Photo by Jacquelyn Corpus, Orange Media Network
Expression is open to interpretation and can be different for everyone. In the LGBTQ+ community, drag is one of many facets of expression that some individuals use. With this past week being Pride Week, Oregon State University hosted the annual Spring Drag Show at the LaSells Stewart Center on Saturday, April 29.
“Drag plays many parts in queer and transgender communities,” Cindy Konrad, assistant director of the Pride Center at OSU, said. “It is a way for people to play with and poke fun at gender roles and to experiment with different aspects of their own gender in fun and supportive environments. Drag brings LGBTQ+ communities together and creates much needed social space.”
Lucielle S. Balls, Miss Dharma Prada MacPherson and Carmen Sutra, otherwise known as The Queens of the Valley, all use drag as not only a form of expression, but also as a way to make their voices heard and create a community for LGBTQ+ individuals and their allies.
Luke Kawasaki, also known as local drag celebrity Lucielle S. Balls, has been doing drag for around ten years. He started in middle school dressing up for Halloween, with a look consisting of a Shake-N-Go wig and water balloons filled with chocolate pudding stuffed into his bra, according to Kawasaki.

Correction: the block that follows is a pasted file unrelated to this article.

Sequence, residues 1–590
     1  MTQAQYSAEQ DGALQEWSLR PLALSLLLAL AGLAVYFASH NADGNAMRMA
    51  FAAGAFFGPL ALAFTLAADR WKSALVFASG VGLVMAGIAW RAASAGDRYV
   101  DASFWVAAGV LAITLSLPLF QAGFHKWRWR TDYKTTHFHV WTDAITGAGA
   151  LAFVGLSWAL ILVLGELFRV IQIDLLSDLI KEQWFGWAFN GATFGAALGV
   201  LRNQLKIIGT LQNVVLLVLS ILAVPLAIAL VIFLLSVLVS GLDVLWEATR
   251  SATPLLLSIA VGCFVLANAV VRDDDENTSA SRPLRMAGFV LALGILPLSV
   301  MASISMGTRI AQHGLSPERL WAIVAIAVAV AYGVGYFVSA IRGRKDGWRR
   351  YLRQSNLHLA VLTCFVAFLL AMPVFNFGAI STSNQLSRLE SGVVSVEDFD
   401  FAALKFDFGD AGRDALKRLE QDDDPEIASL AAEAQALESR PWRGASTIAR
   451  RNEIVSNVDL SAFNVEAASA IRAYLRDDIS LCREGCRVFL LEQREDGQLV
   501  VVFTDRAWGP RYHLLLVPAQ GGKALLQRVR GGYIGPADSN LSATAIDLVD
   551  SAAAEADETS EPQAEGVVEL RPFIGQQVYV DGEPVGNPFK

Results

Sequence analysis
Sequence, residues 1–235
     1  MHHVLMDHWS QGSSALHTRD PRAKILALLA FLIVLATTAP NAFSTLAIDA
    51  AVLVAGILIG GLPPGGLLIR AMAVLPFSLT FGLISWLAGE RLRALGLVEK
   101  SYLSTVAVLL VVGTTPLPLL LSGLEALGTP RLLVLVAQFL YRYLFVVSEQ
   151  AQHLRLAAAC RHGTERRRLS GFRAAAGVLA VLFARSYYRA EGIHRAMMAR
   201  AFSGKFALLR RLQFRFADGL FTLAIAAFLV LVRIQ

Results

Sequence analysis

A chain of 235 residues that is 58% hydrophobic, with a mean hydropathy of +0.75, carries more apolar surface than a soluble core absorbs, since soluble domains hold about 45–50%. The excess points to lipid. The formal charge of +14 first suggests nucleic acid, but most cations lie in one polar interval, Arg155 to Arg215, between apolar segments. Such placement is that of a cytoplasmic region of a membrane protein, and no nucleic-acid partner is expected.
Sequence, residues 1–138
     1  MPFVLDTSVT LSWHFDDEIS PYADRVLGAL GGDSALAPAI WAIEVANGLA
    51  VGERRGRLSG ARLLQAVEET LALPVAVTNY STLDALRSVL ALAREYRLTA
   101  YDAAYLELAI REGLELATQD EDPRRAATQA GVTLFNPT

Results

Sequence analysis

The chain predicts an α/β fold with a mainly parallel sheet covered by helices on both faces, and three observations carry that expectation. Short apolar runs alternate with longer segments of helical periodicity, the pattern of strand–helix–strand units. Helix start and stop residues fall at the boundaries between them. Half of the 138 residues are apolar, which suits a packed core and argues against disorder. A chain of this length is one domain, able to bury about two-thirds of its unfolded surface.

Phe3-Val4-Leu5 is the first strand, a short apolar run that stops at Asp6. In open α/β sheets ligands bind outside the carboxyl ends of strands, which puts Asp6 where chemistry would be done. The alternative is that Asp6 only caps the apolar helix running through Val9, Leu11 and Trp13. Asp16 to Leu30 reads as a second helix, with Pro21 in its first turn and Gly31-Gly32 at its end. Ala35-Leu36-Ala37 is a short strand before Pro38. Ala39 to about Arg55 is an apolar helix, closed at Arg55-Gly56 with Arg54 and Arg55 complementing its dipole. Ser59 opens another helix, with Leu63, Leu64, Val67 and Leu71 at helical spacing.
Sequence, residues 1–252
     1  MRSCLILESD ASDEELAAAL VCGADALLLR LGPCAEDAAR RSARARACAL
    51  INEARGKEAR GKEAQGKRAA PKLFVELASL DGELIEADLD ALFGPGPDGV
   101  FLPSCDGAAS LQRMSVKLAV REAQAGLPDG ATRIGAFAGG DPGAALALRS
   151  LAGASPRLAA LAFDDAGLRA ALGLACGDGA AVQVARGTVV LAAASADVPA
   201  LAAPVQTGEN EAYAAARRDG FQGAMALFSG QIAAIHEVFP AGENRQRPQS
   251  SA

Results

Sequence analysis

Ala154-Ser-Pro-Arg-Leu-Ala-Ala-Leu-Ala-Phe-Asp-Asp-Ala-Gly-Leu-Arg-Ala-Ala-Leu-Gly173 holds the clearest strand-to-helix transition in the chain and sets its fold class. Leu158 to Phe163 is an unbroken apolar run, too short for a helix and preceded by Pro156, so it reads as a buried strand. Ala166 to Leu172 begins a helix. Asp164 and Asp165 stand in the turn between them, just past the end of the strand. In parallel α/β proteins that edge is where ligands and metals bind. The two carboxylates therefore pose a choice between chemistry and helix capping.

“When I was younger and exploring drag for the first time, I was doing it because I felt this inborn need for self expression,” Kawasaki said.
For Dharma Mirza, or in drag, Miss Dharma Prada MacPherson, drag has always been a part of her life, according to Miss Dharma.
“I think I’ve been doing drag my entire life because to me, drag is like something that we all do,” Miss Dharma said. “I think drag is all about gender performativity and we all perform gender in a way I think. So for me, I think I’ve always been doing it.”
According to Lex Porter, also known in drag as Carmen Sutra, drag has played a role in their life since 2010, after graduating from high school.